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Many Canadians neglect to take one of the most important items on their travels – not a camera or tourist guide, but proper insurance. (Getty Images/iStockphoto)
Many Canadians neglect to take one of the most important items on their travels – not a camera or tourist guide, but proper insurance. (Getty Images/iStockphoto)

A SPECIAL INFORMATION FEATURE BROUGHT TO YOU BY MANULIFE FINANCIAL

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Many Canadians neglect to take one of the most important items on their travels – not a camera or tourist guide, but proper insurance. Approximately half of Canadians see the need to purchase travel insurance, surveys have found. 

When an unexpected event such as an illness or accident occurs on a trip the financial implications can be enormous, says Rob Iafrate, Assistant Vice-president and General Manager, Manulife Travel Insurance.

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“From a medical perspective, you’re taking a huge risk,” Mr. Iafrate says.

In the United States, any hospitalization for a serious illness or injury can cost upwards of $10,000 a day. Mr. Iafrate describes the case of one woman in her 20s who was hurt in a motor vehicle accident and had medical claims in excess of $1-million. Fortunately, her parents had purchased medical insurance for her travels. The cost – just under $20.

Why don’t more Canadians buy travel insurance? Start with the misconception that they’re already covered, Mr. Iafrate says.

Many people mistakenly believe their government health plan will cover them wherever they go. In fact, much of that protection disappears when they travel outside Canada, and the plans do have limitations even when people travel within Canada, outside of their home province or territory, he says.

Even those with travel insurance covered by a credit card or employer’s group health plan will need to ensure that the coverage meets their needs, Mr. Iafrate says.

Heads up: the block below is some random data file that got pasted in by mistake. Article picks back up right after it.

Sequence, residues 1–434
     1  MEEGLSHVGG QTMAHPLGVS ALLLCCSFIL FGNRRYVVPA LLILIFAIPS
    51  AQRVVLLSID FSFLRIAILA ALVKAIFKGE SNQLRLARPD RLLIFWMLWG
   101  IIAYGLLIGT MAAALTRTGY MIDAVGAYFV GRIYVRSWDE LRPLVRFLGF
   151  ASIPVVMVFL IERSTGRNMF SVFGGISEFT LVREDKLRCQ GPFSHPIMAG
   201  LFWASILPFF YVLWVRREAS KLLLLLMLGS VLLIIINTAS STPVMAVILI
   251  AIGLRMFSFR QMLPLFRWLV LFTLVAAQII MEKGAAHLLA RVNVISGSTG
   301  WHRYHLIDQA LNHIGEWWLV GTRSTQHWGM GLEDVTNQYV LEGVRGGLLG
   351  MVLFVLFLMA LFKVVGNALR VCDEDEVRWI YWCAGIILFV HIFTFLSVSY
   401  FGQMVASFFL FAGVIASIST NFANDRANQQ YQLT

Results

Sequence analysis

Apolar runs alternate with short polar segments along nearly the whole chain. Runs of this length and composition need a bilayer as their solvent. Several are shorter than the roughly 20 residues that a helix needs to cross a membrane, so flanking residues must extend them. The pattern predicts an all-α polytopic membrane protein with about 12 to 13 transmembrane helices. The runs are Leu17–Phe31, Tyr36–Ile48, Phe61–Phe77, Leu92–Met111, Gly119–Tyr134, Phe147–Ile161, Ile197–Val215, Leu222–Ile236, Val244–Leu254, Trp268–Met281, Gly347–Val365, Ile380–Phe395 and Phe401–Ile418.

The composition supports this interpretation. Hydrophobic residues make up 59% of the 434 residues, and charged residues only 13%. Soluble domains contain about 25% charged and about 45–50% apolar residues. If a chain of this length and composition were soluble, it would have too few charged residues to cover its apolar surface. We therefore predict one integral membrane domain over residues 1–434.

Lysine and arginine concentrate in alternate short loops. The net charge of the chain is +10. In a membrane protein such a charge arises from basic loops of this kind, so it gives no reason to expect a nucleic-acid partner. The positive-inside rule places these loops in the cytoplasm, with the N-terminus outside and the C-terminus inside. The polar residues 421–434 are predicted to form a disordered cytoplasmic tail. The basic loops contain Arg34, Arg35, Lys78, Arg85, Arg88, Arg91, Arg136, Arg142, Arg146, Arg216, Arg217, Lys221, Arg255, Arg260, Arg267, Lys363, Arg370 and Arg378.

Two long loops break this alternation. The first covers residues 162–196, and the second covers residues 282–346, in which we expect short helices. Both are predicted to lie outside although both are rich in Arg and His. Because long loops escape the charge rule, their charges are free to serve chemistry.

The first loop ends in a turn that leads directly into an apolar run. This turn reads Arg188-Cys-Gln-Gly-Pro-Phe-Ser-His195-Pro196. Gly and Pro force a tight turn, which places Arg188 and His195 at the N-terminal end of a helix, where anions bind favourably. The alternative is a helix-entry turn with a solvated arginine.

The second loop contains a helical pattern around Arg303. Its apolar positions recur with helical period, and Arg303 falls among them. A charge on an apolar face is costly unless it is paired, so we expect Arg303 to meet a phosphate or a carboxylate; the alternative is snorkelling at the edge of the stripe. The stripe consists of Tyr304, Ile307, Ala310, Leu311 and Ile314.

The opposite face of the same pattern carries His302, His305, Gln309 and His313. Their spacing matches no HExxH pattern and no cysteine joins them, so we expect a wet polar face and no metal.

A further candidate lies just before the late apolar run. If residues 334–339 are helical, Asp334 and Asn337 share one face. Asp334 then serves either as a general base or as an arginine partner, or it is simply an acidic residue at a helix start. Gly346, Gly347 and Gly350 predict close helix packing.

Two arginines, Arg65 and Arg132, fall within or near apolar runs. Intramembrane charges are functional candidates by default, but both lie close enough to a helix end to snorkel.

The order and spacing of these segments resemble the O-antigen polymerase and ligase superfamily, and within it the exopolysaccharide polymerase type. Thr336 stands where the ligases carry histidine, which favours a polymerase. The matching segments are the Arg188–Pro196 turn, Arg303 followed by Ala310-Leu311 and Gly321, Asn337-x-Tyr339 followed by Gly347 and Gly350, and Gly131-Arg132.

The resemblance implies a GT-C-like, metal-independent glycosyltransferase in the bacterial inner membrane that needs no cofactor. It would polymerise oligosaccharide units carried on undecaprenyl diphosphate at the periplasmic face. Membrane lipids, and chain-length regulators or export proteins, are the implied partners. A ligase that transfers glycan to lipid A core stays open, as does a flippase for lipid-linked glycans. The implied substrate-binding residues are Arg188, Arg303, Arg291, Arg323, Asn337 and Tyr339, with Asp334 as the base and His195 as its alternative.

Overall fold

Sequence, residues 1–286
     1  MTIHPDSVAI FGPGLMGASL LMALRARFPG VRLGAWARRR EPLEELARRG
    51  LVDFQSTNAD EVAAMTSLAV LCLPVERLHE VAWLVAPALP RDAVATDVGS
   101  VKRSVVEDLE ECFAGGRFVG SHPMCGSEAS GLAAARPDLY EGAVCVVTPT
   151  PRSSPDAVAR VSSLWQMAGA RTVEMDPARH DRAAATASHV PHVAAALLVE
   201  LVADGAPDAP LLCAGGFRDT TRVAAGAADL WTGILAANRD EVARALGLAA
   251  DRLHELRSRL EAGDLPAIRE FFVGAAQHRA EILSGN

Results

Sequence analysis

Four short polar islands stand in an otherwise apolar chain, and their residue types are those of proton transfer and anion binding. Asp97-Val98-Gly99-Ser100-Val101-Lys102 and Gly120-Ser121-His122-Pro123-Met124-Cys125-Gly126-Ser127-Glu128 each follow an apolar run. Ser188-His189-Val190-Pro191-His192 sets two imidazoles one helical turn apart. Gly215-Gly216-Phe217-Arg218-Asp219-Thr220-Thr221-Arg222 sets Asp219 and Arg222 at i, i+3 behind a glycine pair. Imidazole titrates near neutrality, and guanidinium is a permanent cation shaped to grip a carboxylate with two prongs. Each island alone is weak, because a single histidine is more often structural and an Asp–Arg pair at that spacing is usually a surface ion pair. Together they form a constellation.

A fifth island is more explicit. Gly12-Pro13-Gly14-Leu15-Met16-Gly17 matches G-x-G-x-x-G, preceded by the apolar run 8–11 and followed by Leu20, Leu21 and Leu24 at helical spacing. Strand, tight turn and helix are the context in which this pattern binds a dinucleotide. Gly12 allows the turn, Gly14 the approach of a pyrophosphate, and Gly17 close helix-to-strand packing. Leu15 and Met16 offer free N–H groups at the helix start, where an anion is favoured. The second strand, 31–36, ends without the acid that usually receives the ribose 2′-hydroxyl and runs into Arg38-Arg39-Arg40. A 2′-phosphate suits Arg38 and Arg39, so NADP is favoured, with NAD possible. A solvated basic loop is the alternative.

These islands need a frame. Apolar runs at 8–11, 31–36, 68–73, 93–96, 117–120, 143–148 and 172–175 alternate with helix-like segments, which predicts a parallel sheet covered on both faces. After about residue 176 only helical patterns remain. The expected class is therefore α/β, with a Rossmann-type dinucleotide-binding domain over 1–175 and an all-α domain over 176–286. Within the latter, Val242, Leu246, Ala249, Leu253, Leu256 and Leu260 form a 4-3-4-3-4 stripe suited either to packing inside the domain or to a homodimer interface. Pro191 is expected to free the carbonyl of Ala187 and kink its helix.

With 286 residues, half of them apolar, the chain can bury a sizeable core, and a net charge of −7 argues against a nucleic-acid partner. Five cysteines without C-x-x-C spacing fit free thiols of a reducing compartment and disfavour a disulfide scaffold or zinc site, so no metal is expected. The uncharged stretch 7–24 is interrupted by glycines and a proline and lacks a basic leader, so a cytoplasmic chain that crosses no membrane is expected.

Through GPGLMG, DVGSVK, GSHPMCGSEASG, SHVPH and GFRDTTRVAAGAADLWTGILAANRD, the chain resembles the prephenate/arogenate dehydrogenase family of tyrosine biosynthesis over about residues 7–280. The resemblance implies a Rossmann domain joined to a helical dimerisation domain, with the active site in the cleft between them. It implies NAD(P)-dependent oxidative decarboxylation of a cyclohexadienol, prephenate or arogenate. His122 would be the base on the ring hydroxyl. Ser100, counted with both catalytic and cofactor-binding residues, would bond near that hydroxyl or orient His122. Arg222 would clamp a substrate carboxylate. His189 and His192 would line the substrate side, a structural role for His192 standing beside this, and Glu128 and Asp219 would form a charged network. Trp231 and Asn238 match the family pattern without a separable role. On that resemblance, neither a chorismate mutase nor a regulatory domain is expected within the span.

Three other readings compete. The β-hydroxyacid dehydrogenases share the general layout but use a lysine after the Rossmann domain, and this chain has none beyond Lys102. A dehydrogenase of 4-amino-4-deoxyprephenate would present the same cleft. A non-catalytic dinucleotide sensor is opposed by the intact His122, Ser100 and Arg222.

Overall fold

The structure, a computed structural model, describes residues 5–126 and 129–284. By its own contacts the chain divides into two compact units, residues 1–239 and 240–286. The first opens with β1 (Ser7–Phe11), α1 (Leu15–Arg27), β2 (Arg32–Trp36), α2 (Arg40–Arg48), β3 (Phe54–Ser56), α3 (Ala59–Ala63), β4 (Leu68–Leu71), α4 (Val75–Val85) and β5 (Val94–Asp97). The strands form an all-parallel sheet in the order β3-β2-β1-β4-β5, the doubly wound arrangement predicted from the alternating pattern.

A full suite of travel insurance typically includes emergency medical; travel accident and flight accident, including death; trip cancellation (to cover non-refundable travel arrangements); trip interruption (to cover costs for those who must come home early or late, or make other changes to travel plans); and lost or delayed baggage.

For travellers who already have some type of insurance or are planning to buy some, it’s critical to be aware of exactly what they’re protected against, says Mr. Iafrate.

For instance, credit cards might have limits on the amount that can be claimed, the duration of a trip where coverage is in effect and the types of travel insurance available. Employer plans, meanwhile, might not cover the full suite of travel insurance coverage such as trip cancellation and/or trip interruption.

While trip cancellation is a defined risk that some people might be willing to accept, the medical risk is always unknown. Medical costs abroad could be $100 or $100,000. “That’s a huge risk,” Mr. Iafrate says.

Travel insurance is widely available through travel agents, associations, insurance brokers, financial institutions and company on-line web applications.

The cost of travel insurance in the context of overall travel expenses is relatively small by comparison, Mr. Iafrate says. For a comprehensive type of coverage, the average premium is typically 6 to 8 per cent of trip costs, or approximately $90 for a one-week trip. For emergency medical-only coverage, the cost is even less, about $25 to $30. Multi-trip annual plans are also available.

Travel insurance costs can rise for people over 55, depending on their health. But for most people, says Mr. Iafrate, “it really is just dollars a day.”
 


 

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